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Ocean View Little League players maintain perspective

The team from Huntington Beach won the Little League World Series on Sunday, but the players were never bothered by a need to win or the disappointment of losing in the tournament.

August 28, 2011|By Diane Pucin
  • Ocean View's Dylan Palmer gives Japan's Kaito Suzuki a hug after the Little League World Series championship game on Sunday in South Williamsport, Pa.
Ocean View's Dylan Palmer gives Japan's Kaito Suzuki a hug after… (Gene J. Puskar / Associated…)

Reporting from South Williamsport, Pa. — Nick Pratto, a 12-year-old, refused to eat an ice cream sundae at a restaurant near Williamsport that is famous for its ice cream concoctions.

Nick refused to touch a scoop even though his father, Jeff Pratto, who also happens to be the manager of the Little League baseball team that features Nick as a pitcher and first baseman, all but begged him to eat the ice cream.

It turned out Jeff couldn't resist having a couple of scoops, and it is not a secret that Jeff is not in perfect physical condition. "Yeah, I'm going to have to go on a diet after this is all over," he said.

But how can you not root for a kid who turns down ice cream?

So good for Nick Pratto.

It was a well-earned game-winning, bases-loaded single that Nick hit in the final at-bat for the Ocean View Little League team from Huntington Beach. It was Nick's hit that gave his team, which represented the U.S. in the Little League World Series championship game Sunday, a stomach-churning 2-1 win over Japan.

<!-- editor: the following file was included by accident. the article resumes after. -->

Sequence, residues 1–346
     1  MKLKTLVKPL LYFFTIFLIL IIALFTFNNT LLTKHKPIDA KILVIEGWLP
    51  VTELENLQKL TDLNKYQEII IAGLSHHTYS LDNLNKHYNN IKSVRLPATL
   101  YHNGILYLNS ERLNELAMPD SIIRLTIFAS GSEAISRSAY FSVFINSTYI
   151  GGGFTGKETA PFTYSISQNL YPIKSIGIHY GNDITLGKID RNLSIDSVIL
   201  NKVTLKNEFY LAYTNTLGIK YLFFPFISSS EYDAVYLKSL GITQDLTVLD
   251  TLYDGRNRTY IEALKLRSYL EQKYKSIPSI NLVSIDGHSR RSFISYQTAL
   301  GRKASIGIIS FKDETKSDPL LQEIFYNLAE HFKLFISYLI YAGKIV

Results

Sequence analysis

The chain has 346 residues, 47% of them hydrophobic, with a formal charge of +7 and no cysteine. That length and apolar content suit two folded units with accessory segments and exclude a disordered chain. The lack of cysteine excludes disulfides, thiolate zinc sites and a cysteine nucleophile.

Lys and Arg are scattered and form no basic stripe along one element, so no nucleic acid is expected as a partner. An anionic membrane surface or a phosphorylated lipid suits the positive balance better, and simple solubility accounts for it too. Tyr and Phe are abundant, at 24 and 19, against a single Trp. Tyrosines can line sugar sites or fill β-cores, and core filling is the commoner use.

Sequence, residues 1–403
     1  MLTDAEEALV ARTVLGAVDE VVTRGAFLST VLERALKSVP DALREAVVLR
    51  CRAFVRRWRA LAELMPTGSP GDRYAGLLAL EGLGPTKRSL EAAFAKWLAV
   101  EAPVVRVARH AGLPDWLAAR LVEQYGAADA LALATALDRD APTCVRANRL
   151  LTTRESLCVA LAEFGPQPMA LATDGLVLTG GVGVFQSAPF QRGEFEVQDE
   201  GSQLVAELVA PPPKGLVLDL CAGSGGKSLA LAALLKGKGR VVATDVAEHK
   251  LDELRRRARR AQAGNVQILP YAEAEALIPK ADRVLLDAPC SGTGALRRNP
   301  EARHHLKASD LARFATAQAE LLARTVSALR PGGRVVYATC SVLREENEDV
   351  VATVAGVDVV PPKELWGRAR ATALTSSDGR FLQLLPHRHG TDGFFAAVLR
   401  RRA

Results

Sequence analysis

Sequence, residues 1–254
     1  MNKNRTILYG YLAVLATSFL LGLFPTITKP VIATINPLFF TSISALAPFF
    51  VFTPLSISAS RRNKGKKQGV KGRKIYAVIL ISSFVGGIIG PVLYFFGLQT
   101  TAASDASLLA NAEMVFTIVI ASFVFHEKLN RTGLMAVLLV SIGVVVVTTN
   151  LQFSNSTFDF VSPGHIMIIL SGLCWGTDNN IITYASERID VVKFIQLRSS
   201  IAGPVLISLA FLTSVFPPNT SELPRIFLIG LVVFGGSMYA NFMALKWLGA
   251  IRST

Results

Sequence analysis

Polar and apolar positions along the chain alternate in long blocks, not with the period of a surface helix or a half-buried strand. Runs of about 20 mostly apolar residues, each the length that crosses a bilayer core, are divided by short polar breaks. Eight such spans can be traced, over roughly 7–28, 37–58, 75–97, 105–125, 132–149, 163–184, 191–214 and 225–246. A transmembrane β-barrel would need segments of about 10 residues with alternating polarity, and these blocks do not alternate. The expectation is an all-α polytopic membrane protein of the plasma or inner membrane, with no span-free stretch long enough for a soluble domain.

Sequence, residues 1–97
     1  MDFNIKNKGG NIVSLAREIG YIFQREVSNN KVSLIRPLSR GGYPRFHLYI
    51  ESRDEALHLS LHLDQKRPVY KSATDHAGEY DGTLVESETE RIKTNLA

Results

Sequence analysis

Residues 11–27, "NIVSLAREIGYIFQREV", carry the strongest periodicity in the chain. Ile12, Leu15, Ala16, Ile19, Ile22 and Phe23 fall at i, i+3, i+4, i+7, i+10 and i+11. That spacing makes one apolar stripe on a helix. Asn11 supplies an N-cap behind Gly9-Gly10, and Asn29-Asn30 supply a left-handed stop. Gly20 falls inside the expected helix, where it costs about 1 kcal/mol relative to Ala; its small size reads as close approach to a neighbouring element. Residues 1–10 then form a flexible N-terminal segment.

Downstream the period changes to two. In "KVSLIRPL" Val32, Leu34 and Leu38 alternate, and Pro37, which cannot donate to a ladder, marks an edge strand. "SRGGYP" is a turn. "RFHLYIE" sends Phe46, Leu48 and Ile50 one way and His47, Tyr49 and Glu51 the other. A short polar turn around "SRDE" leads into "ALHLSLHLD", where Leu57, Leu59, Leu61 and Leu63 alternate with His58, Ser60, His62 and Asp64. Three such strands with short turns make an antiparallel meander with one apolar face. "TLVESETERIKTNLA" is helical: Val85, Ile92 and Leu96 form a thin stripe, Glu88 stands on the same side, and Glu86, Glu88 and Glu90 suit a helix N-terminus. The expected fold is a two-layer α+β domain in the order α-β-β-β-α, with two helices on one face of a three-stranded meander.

There are plenty of critics who say the pressure on 11- and 12-year-olds who play baseball on national television in this tournament is not a good thing, and yet there was still such joy here.

Hagen Danner, who hit two home runs in Huntington Beach's six games in the World Series, said he has never had so much fun. Pratto rolled his eyes in answer to a question about whether he enjoyed sharing this with his father, Jeff, but then he said, "Yeah, it was cool."

Braydon Salzman, who gave up a game-winning home run in Ocean View's only Little League World Series loss, said that bad moment didn't bother him at all.

What he will remember, he said, is that baseball fans here asked for his autograph. "How cool is that," Salzman said. "That's so cool."

There was certainly pressure on the Ocean View team. They came here as favorites to win at least the U.S. championship and ended up eliminating two teams who were the feel-good stories.

There was the hometown favorite from Clinton County, Pa., that helped attract record crowds and which Ocean View needed to beat to stay alive.

And there was the Montana team from Billings, from a state that had never been represented in the Little League World Series, and the team that gave Ocean View its only loss, 1-0, when Salzman gave up that walk-off homer.

When Ocean View beat Montana again Saturday, 11-2, and became the U.S. champion, Manager Jeff Pratto finally gave a hint of the pressure he might have been feeling.

He said he felt relieved to have won that U.S. championship and that whatever happened Sunday was "gravy."

But his kids? They never seemed bothered by the need to win or the disappointment of losing.

And they always seemed to come through in the clutch.

In its 23-2 run through the playoffs, Ocean View won five games by one run and survived two elimination games.

"That's a mark of this team," Jeff Pratto said. "We won some tough ones."

So if you think Nick Pratto should not have turned down that ice cream sundae, maybe you can also admit that he's learned some lessons about discipline and about working hard to achieve a goal.

And that maybe he will know he earned this moment of triumph because he sacrificed something.

But Nick, go ahead and sneak a scoop of ice cream now. You deserve it.

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